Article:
Expanded Fayette magisterial district draws incumbent judge, 4 challengers
Five candidates are vying for the six-year term of Magisterial District Judge 14-3-04 in the May 21 primary election.
District Judge Jesse Cramer of Belle Vernon is being challenged by are Kenneth Jaynes, Soni Shaner-Mancuso, Richard Kasunic II and George Stash III. All are Dunbar Township residents, and all have cross-filed.
The district was expanded to include the boroughs of Belle Vernon, Dawson, Dunbar, Everson, Fayette City, Newell, Perryopolis, Vanderbilt and townships of Dunbar, Franklin, Jefferson, Lower Tyrone, Perry, Upper Tyrone and Washington.
Seeking his sixth term, Cramer said his experience is an asset to the expanded district.
“People will come in with questions, and I will have answers because I have been doing this for many years,” Cramer said. “I feel that I have been doing a good job, and I would like to continue. I just received a perfect audit and that itself is very rare. I just feel that I still have a lot to give. I enjoy the job I do, and I feel that I am very fair and honest with everyone.”
Jaynes, 51, said he would bring more than 30 years of law enforcement if elected district judge. He called his experience a strong backbone to bring to the bench.
“I feel that my experience here (Connellsville City detective and department lieutenant) and my involvement and experiences in the community are what qualifies me to run,” Jaynes said.
He said he contributes to the community through coaching and participation in local organizations.
“I know people, and I know what issues we face. This all goes with my background in criminal justice. It's what I have been doing for the past 30-plus years.”
Richard Kasunic III, 39, said his years of working in supervision with the Pennsylvania Turnpike Commission and his family background in politics are his qualifications.
“I was involved with my dad's campaigns for years, and I grew up realizing the importance of public service,” Kasunic said.
He said if he is elected, he would like to bring programs to schools on truancy and speak to youths about the dangers of drugs.
“I think that it would also be important to establish a satellite office to make it more convenient. It's a lot of hard work, it takes a lot of time, and I will commit myself to do it, making myself available 24/7.”
Shaner-Mancuso, 39, said her years working as a mental-health therapist and a drug-abuse counselor, as well as her vast education, are her assets.
“I would be there for the common people,” Shaner-Mancuso said, citing her many years working with people in the community. “I represent the common people, and I feel that with my background I have a good feel for what drives people. I feel I would be as asset in the position because I am fair and unbiased.”
George Stash III, 36, has been self-employed for many years. He said his relationships with employees and employers have given him insight and qualify him for the position.
“”I believe that I am the type of person that looks at a situation and can make a fair judgment about it,” Stash said. “Through my years of self-employment, I have met some careful people, and I feel that I am a very good judge of character. I'm fair and open-minded, and I'm a people-oriented person.”
Marilyn Forbes is a freelance writer.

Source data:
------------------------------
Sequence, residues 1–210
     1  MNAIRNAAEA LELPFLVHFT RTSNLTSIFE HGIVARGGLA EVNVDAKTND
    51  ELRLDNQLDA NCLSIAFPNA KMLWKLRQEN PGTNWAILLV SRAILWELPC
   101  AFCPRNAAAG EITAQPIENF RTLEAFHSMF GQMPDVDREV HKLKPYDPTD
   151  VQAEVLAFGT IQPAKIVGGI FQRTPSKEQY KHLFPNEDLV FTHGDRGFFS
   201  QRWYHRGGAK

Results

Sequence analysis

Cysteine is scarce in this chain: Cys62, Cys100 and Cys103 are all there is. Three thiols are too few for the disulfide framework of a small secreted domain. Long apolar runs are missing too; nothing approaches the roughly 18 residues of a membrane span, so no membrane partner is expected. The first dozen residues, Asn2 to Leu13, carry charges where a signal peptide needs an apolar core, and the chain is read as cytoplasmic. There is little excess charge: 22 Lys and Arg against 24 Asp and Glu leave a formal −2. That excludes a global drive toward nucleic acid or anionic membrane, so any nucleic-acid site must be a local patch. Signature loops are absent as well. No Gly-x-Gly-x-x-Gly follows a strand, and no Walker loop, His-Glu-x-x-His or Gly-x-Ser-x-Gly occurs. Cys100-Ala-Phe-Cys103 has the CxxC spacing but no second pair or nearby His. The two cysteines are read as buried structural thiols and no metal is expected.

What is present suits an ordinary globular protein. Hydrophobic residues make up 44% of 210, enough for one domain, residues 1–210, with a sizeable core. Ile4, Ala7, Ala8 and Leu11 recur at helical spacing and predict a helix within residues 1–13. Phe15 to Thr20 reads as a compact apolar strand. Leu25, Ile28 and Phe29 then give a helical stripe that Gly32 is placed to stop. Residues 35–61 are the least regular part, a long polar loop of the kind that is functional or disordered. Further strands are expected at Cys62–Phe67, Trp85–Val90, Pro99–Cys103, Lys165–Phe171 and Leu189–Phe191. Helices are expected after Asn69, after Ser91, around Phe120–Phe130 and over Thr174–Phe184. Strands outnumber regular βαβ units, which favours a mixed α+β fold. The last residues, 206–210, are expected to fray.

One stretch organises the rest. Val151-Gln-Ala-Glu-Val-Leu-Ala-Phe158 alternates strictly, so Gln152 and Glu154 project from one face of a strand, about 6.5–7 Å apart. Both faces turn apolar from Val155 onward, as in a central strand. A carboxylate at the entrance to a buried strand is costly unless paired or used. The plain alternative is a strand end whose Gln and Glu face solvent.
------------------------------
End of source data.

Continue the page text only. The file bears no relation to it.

Show commenting policy
TribLive commenting policy
You are solely responsible for your comments and by using TribLive.com you agree to our Terms of Service.
We moderate comments. Our goal is to provide substantive commentary for a general readership. By screening submissions, we provide a space where readers can share intelligent and informed commentary that enhances the quality of our news and information.
While most comments will be posted if they are on-topic and not abusive, moderating decisions are subjective. We will make them as carefully and consistently as we can. Because of the volume of reader comments, we cannot review individual moderation decisions with readers.
We value thoughtful comments representing a range of views that make their point quickly and politely. We make an effort to protect discussions from repeated comments either by the same reader or different readers.
We follow the same standards for taste as the daily newspaper. A few things we won't tolerate: personal attacks, obscenity, vulgarity, profanity (including expletives and letters followed by dashes), commercial promotion, impersonations, incoherence, proselytizing and SHOUTING. Don't include URLs to Web sites.
We do not edit comments. They are either approved or deleted. We reserve the right to edit a comment that is quoted or excerpted in an article. In this case, we may fix spelling and punctuation.
We welcome strong opinions and criticism of our work, but we don't want comments to become bogged down with discussions of our policies and we will moderate accordingly.
We appreciate it when readers and people quoted in articles or blog posts point out errors of fact or emphasis and will investigate all assertions. But these suggestions should be sent via e-mail. To avoid distracting other readers, we won't publish comments that suggest a correction. Instead, corrections will be made in a blog post or in an article.
- Connellsville sets trick or treat
- No burning garbage in Connellsville
- Bullskin election violations end in plea deal for 3
- Blight ordinance passed by Connellsville City Council
- Vote to look for property in Uniontown to expand jail draws applause
- WCCC robotics kits donated to CACTC
- Everson agrees to buy 4-wheel drive vehicle
- Geibel Catholic in Connellsville again achieves national academic excellence
- Fayette union protests contract woes
- Leisenring Presbyterians set monthly food distribution
- Perry Township’s Layton Bridge will close for repairs